This essay aims to investigate whether a 5.1 surround sound digital download would be valid, or actually wanted in modern society. Technical practicalities, social and economic factors will be considered, to offer informed conclusions and suggestions made for further research.
To understand more about the sociological factors of previous systems and discover whether they are generally accepted to be a success or a failure and importantly, by what criteria? Previous and existing systems must be analysed in a variety of respects: commercially, artistically and technologically.
There are 2 notable multi-channel home formats that share similarities with this investigated system, but conversely, they have also many differences, some of which may have contributed to the lack of mainstream commercial success of both formats. Super Audio Compact Disk (SACD), introduced in 1999, aimed to bring studio-quality 5.1 recordings to the home consumer market, and even with high profile releases such as Pink Floyd’s; Dark Side of The Moon and host of other seminal albums in back catalogue, still failed to break into the mainstream market and has been the reserve of audiophile enthusiasts since. Jack Schofield indicates in a 2007 Guardian newspaper article, that the ”confusing array” of DVD and CD music formats are ill-received and brands them a commercial failure (Schofield, 2007). On the contrary and supportive with the argument for the digital 5.1 download, the article concludes that CD’s are in rapid decline and predicted, “…one quarter of all music sales worldwide to be digital by 2010”. In the UK, by 2012, digital music sales actually accounted for 55.5% (BPI, 2012) of music sold.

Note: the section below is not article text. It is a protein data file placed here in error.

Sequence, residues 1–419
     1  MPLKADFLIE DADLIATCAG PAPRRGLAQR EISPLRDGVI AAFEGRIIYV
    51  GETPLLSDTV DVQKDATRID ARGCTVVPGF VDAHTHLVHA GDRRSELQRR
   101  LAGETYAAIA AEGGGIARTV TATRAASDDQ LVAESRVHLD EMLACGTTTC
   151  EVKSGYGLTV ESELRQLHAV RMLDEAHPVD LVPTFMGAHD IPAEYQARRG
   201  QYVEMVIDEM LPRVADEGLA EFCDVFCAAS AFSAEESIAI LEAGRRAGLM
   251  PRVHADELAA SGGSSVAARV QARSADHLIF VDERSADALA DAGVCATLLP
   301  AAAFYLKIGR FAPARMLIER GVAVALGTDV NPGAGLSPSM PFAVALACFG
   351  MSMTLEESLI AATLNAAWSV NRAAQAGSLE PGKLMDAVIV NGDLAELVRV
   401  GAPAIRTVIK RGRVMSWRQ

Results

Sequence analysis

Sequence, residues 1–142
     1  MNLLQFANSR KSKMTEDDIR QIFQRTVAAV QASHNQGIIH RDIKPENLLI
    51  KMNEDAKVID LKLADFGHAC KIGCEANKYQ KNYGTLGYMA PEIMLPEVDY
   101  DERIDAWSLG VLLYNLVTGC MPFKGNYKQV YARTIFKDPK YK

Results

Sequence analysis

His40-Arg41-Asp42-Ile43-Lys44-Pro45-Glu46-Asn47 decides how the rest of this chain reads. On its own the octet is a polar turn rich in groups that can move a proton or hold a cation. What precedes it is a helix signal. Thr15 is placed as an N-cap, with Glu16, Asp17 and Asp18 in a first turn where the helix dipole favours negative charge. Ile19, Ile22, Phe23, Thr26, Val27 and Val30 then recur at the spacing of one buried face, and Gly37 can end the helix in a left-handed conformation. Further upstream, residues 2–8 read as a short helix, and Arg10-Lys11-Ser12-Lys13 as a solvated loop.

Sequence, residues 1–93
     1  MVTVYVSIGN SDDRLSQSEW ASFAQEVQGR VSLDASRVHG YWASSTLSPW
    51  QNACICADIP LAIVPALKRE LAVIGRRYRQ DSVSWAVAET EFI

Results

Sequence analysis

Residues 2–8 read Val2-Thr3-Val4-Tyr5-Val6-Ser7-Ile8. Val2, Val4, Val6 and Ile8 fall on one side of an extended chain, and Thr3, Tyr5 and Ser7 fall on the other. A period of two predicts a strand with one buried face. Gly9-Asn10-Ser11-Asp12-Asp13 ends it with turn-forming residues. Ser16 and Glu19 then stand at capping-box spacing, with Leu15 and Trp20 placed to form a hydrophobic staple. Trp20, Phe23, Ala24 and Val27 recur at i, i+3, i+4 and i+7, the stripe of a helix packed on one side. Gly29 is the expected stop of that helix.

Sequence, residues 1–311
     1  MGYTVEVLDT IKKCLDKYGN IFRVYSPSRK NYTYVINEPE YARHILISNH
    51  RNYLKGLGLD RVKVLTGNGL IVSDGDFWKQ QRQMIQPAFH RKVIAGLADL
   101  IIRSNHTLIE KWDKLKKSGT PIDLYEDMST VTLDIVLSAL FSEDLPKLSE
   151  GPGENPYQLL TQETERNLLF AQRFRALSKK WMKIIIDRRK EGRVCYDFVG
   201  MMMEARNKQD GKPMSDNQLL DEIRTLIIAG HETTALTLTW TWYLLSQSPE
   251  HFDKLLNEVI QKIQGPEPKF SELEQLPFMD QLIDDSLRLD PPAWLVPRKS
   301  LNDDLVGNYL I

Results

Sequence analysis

Moreover, during the twelve-month period of 2013, music streaming services became the fastest growing sector of the UK music industry, an increase of 41% over 2012 (BPI, 2014), also illustrating the potential scope of market for multi-channel digital streaming from websites such as Spotify and YouTube. There are several existing providers of high-quality music streaming, both historical releases such as Michael Jackson’s, ‘Bad’ in addition to new releases, many of these are 192kHz/24bit FLAC or WAV streams, but again there is only a handful of 5.1 releases. Home audio manufacturer, Bowers & Wilkins provides one of the larger selections of new and back catalogue material in 5.1, as well as an interesting subscription model, which gives the subscriber 2 studio quality albums in both download and streaming form, from Peter Gabriel’s Real World studio for a small cost of £33.95 a year (Bowers-Wilkins, 2015).